Working families sacrificing swimming lessons to make ends meet, report finds

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Millions of families are struggling to make ends meet because of rising costs, higher inflation and a freeze on benefits, a study has warned.

Research for the Joseph Rowntree Foundation (JRF) found working families with children are facing bigger shortfalls in their household budgets this year.

After-school clubs and swimming lessons are likely to be sacrificed so people can pay for essentials, said a report by the social policy and research charity.

A two-child family with one breadwinner and one adult not working is £120 a week short of reaching a minimum income standard, up by £17 a week from last year, the report said.

The increase in the national living wage is offset by a cut in tax credits and housing benefit and a rise in tax and National Insurance payments, according to the study.

Lone parents and working couples with children are also short of enough money for a decent standard of living

TUC general secretary Frances O’Grady said: “The Government needs a proper plan to get wages rising. Ministers must stop holding down the pay of public sector workers and give them their first proper pay rise in seven years.

“The minimum wage needs to rise faster, to reach £10 an hour as soon as possible, and more public investment must be targeted to communities that do not have enough decent jobs.”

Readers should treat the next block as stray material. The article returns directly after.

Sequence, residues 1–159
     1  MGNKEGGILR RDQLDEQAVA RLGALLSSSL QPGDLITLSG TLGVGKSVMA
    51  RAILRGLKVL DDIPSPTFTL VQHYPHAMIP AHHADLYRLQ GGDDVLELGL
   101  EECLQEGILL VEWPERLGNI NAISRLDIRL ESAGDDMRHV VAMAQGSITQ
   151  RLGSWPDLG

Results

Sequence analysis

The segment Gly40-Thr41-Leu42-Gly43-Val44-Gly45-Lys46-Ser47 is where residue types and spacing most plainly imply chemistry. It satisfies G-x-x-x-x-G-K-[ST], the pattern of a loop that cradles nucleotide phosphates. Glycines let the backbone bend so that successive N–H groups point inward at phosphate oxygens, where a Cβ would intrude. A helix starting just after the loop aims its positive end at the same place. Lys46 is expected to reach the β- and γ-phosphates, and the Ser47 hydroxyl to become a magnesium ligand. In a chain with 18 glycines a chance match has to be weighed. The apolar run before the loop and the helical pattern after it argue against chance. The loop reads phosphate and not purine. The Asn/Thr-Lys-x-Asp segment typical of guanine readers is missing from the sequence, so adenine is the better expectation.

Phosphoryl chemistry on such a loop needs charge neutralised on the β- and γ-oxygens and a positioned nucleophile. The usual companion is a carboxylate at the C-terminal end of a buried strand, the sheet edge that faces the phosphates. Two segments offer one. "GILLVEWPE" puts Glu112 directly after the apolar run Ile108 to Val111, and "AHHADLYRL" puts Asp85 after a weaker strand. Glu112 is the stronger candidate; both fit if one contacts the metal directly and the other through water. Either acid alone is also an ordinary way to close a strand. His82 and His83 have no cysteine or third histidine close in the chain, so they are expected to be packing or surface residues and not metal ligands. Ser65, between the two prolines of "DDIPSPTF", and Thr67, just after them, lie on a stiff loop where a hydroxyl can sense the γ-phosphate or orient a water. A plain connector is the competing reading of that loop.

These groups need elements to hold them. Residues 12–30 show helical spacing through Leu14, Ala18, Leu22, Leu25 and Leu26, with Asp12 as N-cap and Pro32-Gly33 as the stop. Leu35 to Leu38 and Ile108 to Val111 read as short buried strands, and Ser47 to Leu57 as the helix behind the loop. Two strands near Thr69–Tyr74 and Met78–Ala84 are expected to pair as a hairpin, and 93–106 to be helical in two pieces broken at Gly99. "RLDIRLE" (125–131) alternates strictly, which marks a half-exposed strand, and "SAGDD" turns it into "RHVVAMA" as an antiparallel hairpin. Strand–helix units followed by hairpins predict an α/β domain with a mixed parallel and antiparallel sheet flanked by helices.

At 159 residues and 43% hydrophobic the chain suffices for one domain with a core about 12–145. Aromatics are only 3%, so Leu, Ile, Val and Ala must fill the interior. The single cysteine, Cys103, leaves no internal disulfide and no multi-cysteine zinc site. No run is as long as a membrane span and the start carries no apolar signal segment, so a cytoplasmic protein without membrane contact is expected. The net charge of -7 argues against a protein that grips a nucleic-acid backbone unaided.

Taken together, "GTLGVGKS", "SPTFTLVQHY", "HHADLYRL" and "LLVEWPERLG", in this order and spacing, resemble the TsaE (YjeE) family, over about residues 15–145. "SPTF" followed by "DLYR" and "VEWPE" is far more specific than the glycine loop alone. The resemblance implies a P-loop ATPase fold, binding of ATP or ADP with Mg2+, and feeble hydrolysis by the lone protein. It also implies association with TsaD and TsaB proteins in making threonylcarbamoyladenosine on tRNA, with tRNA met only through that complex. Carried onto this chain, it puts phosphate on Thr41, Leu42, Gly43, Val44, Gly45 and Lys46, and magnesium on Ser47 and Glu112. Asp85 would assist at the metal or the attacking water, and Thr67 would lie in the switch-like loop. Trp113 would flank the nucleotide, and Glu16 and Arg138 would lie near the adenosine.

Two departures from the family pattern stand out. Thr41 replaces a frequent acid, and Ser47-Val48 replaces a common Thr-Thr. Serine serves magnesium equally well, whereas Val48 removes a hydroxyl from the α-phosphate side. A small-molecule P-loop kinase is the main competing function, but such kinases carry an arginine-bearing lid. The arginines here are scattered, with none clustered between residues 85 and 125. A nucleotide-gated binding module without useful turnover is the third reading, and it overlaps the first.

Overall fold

Campbell Robb, chief executive of the JRF, said: “Working families are facing bigger holes in their budgets worth hundreds of pounds, despite a higher national living wage and tax cuts. It means millions of families are facing a struggle to make ends meet as the cost of getting by in modern Britain rises ever higher.

“Struggling families tell us as well as juggling the bills, it’s things like after-school clubs and swimming lessons that must be sacrificed to cover the essentials.

“With the Bank of England forecasting inflation will increase even higher this year, families are facing no respite. We need the Government to take action and ensure living standards do not fall backwards. Lifting the freeze on working-age benefits and tax credits must be the start along with allowing people to keep more of their earnings.”

Money worries (Yui Mok/PA)
The Foundation said families are facing bigger holes in their budgets (Yui Mok/PA)

Donald Hirsch of the Centre for Research in Social Policy at Loughborough University, author of the report, said: “This year we have seen a return to inflation for the first time since the freeze in benefits and tax credits was introduced.

“It is clear from these results that this freeze is preventing better minimum wages from feeding through to improved family living standards.

“A particularly important feature of this is that for every extra pound earned, about 75p is typically lost by low earning families in additional tax and reduced tax credits or Universal Credit. Unless the amount that you can earn before these credits are withdrawn rises along with prices and earnings, it will be very difficult to deliver the improved living standards for struggling families that have been promised.”

The minimum income standard is based on what members of the public think people need to achieve a decent living standard.

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